Publications (2)4.31 Total impact
Article: Injecting drug use and unstable housing: Scope for structural interventions in harm reduction[show abstract] [hide abstract]
ABSTRACT: Evidence links unstable housing, and especially homelessness, with elevated health harm among drug users, including riskier drug injecting practices. We undertook 45 qualitative interviews with injecting drug users (IDUs) in Bristol and London in 2006, the majority of whom had recently experienced homelessness. IDUs were recruited through drug user networks and drug agencies. We undertook thematic analyses of drug injector accounts concentrating on risk linked to drug injecting in a context of unstable housing. Findings show that temporary accommodation and hostels for the homeless may provide a ‘safe haven’ from street-based drug use and public injecting environments, and are characterized as a retreat from the ‘chaos’ of the street. But hostels may also constitute ‘risk environments’, facilitating drug using and risk networks and transitions to new patterns of use, including increased frequency of injecting. For some, homelessness was positioned as ‘safer’ than temporary housing with regards to managing drug use. Stable housing emerges as a key structural factor in creating enabling environments for health. We emphasize that temporary accommodation hostels have potential for harm-reduction interventions, but may also be associated with the production of risk related to drug use and injecting.09/2009; 16(5):436-450.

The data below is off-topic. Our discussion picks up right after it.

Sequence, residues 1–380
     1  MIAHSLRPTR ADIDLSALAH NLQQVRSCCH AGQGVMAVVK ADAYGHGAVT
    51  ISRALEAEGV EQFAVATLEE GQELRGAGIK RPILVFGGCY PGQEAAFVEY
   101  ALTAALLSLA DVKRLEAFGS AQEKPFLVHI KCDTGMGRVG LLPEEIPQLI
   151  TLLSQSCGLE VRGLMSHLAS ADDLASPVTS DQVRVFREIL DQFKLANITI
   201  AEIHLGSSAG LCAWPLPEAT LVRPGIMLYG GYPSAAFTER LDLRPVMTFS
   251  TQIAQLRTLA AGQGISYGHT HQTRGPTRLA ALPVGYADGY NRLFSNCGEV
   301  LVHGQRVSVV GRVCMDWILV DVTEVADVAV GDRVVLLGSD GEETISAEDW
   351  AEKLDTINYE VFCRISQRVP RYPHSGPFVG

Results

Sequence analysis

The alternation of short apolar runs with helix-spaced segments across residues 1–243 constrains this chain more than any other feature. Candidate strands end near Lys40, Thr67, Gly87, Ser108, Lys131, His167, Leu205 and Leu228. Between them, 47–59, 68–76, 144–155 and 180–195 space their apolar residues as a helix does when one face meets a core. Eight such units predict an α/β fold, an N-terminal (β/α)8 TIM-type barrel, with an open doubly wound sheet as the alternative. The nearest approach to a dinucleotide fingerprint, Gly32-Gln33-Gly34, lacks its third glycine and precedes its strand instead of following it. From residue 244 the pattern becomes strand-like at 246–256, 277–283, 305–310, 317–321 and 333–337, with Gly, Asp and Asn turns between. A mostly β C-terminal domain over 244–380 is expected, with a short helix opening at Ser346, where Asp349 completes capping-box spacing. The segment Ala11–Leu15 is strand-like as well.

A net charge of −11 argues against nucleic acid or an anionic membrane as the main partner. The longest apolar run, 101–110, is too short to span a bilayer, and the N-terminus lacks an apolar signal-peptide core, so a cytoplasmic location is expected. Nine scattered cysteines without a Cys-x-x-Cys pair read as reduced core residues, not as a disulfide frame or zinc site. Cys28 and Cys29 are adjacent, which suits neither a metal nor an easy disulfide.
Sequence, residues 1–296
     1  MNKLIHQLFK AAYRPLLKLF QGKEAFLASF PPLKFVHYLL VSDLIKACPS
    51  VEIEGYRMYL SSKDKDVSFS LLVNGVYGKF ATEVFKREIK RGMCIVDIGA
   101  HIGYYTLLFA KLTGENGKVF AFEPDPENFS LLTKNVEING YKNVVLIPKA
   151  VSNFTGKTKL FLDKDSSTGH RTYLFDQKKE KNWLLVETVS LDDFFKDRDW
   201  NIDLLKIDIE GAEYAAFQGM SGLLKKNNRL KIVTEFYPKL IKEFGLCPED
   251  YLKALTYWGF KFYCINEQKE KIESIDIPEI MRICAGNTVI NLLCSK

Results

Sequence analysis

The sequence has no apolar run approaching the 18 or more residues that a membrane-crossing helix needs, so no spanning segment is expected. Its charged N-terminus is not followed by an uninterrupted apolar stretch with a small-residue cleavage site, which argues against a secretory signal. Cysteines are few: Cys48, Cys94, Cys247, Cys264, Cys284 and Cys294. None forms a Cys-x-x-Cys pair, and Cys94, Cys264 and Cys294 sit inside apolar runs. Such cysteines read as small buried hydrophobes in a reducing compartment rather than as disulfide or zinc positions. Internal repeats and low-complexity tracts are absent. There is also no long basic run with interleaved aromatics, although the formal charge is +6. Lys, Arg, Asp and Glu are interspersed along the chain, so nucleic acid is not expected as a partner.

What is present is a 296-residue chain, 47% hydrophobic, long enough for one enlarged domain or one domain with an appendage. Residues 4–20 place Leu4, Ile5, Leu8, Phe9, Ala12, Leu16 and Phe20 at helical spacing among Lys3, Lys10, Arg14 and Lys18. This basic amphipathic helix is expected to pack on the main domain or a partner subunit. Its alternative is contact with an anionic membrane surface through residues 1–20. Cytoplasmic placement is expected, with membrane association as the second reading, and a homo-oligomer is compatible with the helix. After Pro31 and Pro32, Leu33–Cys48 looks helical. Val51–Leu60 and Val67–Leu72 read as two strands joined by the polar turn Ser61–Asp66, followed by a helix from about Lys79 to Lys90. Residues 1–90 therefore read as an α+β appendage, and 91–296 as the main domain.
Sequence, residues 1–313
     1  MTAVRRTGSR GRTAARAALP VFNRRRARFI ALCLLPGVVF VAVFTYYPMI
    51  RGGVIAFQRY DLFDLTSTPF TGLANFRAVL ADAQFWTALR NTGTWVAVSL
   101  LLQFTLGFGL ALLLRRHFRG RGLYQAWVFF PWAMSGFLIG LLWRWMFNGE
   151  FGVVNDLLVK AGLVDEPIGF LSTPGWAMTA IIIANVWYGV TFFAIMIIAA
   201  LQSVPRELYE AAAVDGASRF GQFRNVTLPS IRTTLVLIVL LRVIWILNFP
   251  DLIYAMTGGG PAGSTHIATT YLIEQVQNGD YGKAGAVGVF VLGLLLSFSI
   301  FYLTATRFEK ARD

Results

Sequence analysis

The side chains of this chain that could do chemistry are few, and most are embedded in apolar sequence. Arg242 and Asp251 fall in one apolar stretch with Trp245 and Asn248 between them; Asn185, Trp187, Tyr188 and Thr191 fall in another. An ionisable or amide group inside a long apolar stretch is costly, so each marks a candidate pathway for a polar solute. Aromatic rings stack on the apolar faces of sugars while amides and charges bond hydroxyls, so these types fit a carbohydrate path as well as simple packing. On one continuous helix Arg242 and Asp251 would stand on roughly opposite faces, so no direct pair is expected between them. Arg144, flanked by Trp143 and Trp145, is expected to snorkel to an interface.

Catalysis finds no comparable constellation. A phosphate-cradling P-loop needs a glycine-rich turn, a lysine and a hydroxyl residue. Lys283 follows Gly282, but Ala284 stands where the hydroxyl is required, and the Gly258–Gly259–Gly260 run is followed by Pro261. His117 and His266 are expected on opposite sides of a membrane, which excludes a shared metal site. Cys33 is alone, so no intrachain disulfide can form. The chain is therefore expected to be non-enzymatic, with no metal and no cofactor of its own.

[show abstract] [hide abstract]
ABSTRACT: We report on an exploratory qualitative study investigating drug injectors' narratives of vein damage and groin (femoral vein) injection associated with the injection of crack-heroin speedball. We undertook 44 in-depth qualitative interviews among injectors of crack-heroin speedball in Bristol and London, England, in 2006. The data suggest an emerging culture of crack-based speedball injection. Injectors' narratives link speedball injection with shifts towards groin injection articulated as an acceptable risk, and not merely as a last resort in the face of increased vein deterioration associated with speedball. Accounts of vein damage linked to speedball emphasize 'missed hits' related to the local anaesthetic action of crack, the excess use of citric in the preparation of speedball injections and 'flushing' when making a hit. We find that groin injection persists despite an awareness of health risks and medical complications. We emphasize an urgent need for reviewing harm reduction in relation to vein care in the context of shifts to crack-based speedball injection, and the use of the femoral vein, among UK injectors. There is an additional need for interventions to promote safer groin and speedball injecting as well as to prevent transitions toward groin and crack injection.Addiction 12/2007; 102(11):1782-90. · 4.31 Impact Factor